In academia we are all familiar with the journey of conference attendance and presenting. Mine goes something like this… At the beginning of the year I look at the calendar and sketch out a conference or two I would like to attend. I check out their website and look at the themes. Think about how my research can be reshaped to fit the conference theme – though sometimes it fits like a glove! Then I schedule in deadlines to help push my research and/or writing along. Submit an abstract (or sometimes full paper). Get accepted (hopefully). Register, book travel and accommodation arrangements, tee-up other relevant research and work-related visits in the area and/or plan holidays. Then finally attend the conference, listen to many presentations and deliver my own.

Work plan

There is a lot of time and energy taken up in attending conferences and often we return exhausted to a mountain of work that was on hold while we were away. Sometimes (often?) we find that those good intentions of following up on those great contacts and ideas formulated during the conference never come to fruition. I always hope to turn a conference paper into a journal article but often realise that I received little feedback of use and I need too much time to do that. Then it falls to the bottom of my ToDo list. Does this all sound familiar?

Good practice

I came across an interesting paper this week titled Scientific Presenting: Using Evidence-Based Classroom Practices to Deliver Effective Conference Presentations. It discusses the above scenario, framing a successful conference output in terms of good teaching principles. The title of the paper suggests the use of science teaching practices though I would say these are general learning and teaching good practices and not limited to science teaching per se.

For some time now I have felt that conferences are really just opportunities for academics to lecture. Given the space and time restrictions, few presentations utilise active learning. I have occasionally witnessed some polling tools being used to increase engagement (and have used these myself) but have rarely gained much benefit to my research from their use at a conference.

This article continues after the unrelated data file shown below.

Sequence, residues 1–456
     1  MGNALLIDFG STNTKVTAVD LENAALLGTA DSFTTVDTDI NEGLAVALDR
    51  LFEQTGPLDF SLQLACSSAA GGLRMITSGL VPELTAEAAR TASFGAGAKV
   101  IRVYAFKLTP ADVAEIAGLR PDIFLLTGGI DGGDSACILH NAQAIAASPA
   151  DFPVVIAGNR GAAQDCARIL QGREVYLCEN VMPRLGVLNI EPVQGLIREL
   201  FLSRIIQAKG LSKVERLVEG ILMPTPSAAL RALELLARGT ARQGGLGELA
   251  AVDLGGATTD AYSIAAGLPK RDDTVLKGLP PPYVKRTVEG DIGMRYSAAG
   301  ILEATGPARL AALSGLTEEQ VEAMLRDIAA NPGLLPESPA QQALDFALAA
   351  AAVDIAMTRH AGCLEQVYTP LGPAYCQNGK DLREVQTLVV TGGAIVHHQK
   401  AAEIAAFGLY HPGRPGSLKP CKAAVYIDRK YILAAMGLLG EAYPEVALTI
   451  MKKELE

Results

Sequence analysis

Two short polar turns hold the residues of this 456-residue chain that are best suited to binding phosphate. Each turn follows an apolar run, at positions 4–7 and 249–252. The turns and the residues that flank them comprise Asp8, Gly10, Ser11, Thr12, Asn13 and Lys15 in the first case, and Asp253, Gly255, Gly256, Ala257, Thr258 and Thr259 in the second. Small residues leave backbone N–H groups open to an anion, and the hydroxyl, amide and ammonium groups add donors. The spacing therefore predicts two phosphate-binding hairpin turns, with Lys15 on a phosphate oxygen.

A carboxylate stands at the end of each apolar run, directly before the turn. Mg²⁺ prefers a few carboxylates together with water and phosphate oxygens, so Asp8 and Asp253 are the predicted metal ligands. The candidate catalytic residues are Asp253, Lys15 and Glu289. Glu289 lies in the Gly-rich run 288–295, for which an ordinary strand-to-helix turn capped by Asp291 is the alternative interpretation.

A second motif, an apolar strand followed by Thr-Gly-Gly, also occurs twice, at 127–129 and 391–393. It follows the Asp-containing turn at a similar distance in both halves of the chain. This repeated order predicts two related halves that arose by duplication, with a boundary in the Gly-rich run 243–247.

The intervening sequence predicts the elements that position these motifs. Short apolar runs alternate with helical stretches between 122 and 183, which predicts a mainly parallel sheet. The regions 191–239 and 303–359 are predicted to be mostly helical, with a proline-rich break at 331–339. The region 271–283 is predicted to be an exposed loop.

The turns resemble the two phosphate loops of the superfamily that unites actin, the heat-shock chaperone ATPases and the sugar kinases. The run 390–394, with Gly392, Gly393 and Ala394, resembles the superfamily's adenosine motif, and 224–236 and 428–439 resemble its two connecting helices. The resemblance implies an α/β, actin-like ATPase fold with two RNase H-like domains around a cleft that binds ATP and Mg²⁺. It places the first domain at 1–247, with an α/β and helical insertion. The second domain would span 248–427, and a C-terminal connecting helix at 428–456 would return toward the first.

In the paper, Corwin and colleagues (2018) base their discussion on the three pillars of good teaching: active learning, diversity and assessment (taken from a scientific teaching framework developed by Handelsman and colleagues, 2007). They map these onto three principles for delivering good conference presentations:

  1. engagement in learning
  2. promoting equity
  3. receiving feedback

I can highly recommend this paper as it provides a number of practical facilitation tips to enact each of the principles as well as a couple of vignettes describing the scenario, presentation goals and presenting strategies.

Engaging your audience

With a background in learning and teaching development, engaging the audience is always my primary goal at a conference. I’m planning to try a couple of the suggested techniques from the paper when I design an upcoming conference presentation on the design of compressed curriculum for block mode delivery. One will be to ask the audience to ‘make a prediction’. Instead of telling them the results, I’ll explain the methodologies and the research questions. Then I’ll give pairs 1 minute to discuss and predict what they think we found. (I say 1 minute but we all know it will end up being at least 5). In terms of feedback, I’m planning to distribute sticky notes with a few questions on them. I’ll ask the audience to respond and leave behind for me to collect. Simple questions suggested in the paper and ones which I have also used with my students such as ‘what is one thing that would improve this presentation?’ or ‘What do you consider an important next step that this work may take?’

I’d be interested to hear your suggestions for improving conference presentations and I’m planning to blog after my conference and let you know how it went.

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